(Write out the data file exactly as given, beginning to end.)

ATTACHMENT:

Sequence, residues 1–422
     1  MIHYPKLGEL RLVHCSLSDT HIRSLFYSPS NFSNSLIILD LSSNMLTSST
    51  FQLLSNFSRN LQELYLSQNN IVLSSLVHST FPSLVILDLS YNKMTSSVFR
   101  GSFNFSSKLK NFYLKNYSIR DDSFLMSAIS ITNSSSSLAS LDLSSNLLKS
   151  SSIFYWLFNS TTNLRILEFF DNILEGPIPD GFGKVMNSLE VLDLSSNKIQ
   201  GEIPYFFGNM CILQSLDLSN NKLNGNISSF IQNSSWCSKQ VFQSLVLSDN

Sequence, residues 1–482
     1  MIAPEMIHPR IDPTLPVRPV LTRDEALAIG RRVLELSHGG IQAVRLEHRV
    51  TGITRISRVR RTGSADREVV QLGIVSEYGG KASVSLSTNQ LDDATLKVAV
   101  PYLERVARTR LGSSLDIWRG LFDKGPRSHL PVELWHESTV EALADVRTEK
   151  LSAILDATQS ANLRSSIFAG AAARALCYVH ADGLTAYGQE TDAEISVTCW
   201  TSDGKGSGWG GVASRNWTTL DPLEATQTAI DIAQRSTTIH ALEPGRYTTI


Sequence, residues 1–422
     1  MIHYPKLGEL RLVHCSLSDT HIRSLFYSPS NFSNSLIILD LSSNMLTSST
    51  FQLLSNFSRN LQELYLSQNN IVLSSLVHST FPSLVILDLS YNKMTSSVFR
   101  GSFNFSSKLK NFYLKNYSIR DDSFLMSAIS ITNSSSSLAS LDLSSNLLKS
   151  SSIFYWLFNS TTNLRILEFF DNILEGPIPD GFGKVMNSLE VLDLSSNKIQ
   201  GEIPYFFGNM CILQSLDLSN NKLNGNISSF IQNSSWCSKQ VFQSLVLSDN

Sequence, residues 1–482
     1  MIAPEMIHPR IDPTLPVRPV LTRDEALAIG RRVLELSHGG IQAVRLEHRV
    51  TGITRISRVR RTGSADREVV QLGIVSEYGG KASVSLSTNQ LDDATLKVAV
   101  PYLERVARTR LGSSLDIWRG LFDKGPRSHL PVELWHESTV EALADVRTEK
   151  LSAILDATQS ANLRSSIFAG AAARALCYVH ADGLTAYGQE TDAEISVTCW
   201  TSDGKGSGWG GVASRNWTTL DPLEATQTAI DIAQRSTTIH ALEPGRYTTI